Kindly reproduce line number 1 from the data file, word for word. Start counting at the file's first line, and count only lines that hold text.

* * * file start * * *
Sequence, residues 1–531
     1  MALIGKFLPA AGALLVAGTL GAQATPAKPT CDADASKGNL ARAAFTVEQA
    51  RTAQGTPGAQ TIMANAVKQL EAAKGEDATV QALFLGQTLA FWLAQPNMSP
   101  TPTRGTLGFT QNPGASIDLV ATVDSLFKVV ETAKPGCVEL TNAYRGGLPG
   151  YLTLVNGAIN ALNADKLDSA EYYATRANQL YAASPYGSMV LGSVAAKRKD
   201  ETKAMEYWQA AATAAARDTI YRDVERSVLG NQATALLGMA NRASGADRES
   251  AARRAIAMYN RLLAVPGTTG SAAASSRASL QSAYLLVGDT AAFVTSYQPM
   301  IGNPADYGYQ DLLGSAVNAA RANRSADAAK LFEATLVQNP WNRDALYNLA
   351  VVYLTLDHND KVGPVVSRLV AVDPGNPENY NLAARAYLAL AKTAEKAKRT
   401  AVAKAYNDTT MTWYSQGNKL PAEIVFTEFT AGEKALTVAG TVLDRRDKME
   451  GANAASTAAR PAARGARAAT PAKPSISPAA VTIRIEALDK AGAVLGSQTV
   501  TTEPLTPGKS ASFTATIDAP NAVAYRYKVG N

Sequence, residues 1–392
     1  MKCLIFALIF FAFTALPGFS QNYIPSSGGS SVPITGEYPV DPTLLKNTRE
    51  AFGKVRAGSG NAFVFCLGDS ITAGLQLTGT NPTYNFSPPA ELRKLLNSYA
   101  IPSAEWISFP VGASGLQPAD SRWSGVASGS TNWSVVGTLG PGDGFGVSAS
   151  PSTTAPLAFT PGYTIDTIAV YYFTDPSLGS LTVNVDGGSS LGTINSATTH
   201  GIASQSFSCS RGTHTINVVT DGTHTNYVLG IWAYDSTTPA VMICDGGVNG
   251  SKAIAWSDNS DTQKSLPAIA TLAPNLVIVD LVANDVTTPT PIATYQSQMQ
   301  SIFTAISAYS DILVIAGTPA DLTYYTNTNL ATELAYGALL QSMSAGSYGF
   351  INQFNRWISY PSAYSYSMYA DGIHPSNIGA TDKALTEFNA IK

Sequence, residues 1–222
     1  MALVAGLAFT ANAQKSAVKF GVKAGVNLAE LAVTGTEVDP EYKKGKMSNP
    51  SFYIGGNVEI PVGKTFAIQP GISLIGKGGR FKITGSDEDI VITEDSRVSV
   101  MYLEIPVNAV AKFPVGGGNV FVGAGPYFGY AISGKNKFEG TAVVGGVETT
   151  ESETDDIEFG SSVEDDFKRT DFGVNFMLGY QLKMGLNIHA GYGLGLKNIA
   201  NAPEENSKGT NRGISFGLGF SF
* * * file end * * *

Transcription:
Sequence, residues 1–531